We had a reservation to go to a nearby game preserve for a safari drive at 11 am. Knowing that mornings and late afternoons/early evenings are the best time to see the animals active, I had tried to reserve a safari during those times. However, only those staying at the preserve could reserve the prime viewing times. So we took what we could get and decided to make the most of it. We were far from disappointed! First of all, our guide, Janco, was phenomenal. Although he’s young, he’s experienced and learned so much. We laughed about the fact that every time we asked him, “Have you ever…,” the answer was a self-deprecating “Yes.” Then we’d ask for more information and he’d regale us with a great story. He seemed to truly enjoy teaching us fun facts about the animals and about South Africa in general. Some of our favorites include:

  • Ostriches eat rocks because they don’t have any acids in their stomachs to break down food, so the rocks do that. There may be 70-80 in their stomachs at any given time.
  • The Secretary bird, a bird endemic to South Africa, mates once for life and remains loyal to that mate until they both die AND it eats venomous snakes.
  • Hippos kill 3-4 thousand people a year in all of Africa.

After our 2 hour safari (which turned into 2.5 hours thanks to our fascinating guide), we ate lunch at the preserve. Not only was it a stunning setting, but our food was excellent. Most of us tried their local ostrich dishes (as steak, a burger, and sliced rare in a salad) and thoroughly enjoyed everything.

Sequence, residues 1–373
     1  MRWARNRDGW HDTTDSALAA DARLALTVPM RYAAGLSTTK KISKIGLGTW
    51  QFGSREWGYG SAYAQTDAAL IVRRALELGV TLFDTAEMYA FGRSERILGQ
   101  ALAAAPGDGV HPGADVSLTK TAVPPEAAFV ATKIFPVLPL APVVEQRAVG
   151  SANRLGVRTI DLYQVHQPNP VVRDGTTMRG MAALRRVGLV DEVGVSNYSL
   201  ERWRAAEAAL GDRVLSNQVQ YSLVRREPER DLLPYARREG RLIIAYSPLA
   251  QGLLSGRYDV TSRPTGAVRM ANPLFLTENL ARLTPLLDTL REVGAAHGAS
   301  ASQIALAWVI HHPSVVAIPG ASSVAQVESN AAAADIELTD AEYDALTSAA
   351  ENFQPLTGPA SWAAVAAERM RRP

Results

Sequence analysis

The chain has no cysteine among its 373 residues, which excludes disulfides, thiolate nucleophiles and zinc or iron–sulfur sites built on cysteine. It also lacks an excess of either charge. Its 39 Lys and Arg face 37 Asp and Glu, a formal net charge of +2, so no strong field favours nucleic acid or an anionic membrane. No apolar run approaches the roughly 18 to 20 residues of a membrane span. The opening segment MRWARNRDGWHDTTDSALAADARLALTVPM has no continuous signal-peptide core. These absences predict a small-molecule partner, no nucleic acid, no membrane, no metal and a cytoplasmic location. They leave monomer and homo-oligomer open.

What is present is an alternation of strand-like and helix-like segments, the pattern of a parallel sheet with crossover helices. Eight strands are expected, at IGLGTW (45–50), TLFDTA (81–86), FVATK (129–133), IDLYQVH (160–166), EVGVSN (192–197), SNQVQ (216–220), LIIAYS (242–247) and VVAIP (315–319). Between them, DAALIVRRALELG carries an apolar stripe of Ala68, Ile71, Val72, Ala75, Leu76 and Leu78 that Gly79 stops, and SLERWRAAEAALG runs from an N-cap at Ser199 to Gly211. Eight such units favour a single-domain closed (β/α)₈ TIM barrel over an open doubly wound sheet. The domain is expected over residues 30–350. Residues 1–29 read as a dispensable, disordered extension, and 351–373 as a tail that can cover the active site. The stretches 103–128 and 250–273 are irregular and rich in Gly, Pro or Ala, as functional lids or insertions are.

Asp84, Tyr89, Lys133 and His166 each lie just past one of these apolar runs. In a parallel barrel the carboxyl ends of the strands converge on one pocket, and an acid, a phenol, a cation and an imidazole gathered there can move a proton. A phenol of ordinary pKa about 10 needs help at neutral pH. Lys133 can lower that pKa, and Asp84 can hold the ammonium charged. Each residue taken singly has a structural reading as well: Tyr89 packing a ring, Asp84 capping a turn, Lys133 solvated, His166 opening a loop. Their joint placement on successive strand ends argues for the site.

The rest of our afternoon was dedicated to exploring Mossel Bay. There are a few artisans with shops and a bunch of coffee shops. I had wanted to see the famed Post Office Tree, where letters would be left in boots or other secure containers and fellow countrymen passing through would collect and pass along the mail. We were too late to visit the lighthouse, but still walked up the path to a fantastic view across the bay. This is one of the end points to the St. Blaize Trail. The other is located at the small, rocky beach at Pinnacle Point. The trail leads along the picturesque and rugged coastline for about 13.5-15 kilometers (depending on start/end spot). I would have loved hiking along the entire trail, perhaps ending with the zip line a little further along the cliff line down to the beach area at Mossel Bay.

The beach area has a little sand, but is mostly made of up rocks that create little pools that are safe from the currents. Many families congregate here to swim in the seawater rock pools, walk along the waterfront, and eat at the restaurant that boasts beautiful views. There was also a small aquarium, though we didn’t visit it.

Very early the next morning, my husband and son headed out for a 7 am tee time at the highly ranked Pinnacle Point Golf Course.  Unfortunately, fog was so thick they couldn’t see where they were hitting for their first 3 holes. After that, the fog lifted and they were able to enjoy the stunning and difficult course. According to my son, the course required approach-shot precision and the ability to play creatively in constantly varying wind, fog, and rain conditions. Additionally, similar to Pebble Beach, this ocean course requires adapting your shot to ocean-level differences in how far the ball travels.

While they played, several of us hiked out from the St. Blaize Trail starting point on this end to Cave PP13B. The cave is massive and very impressive. However, to truly explore it, a guide is necessary. One such group was heading out to the cave just after we returned and we would have enjoyed joining them. But it was time to check-out of our house and head back along the scenic garden route to Cape Town.

Garden Route Scenic Drive

Cave Entrance

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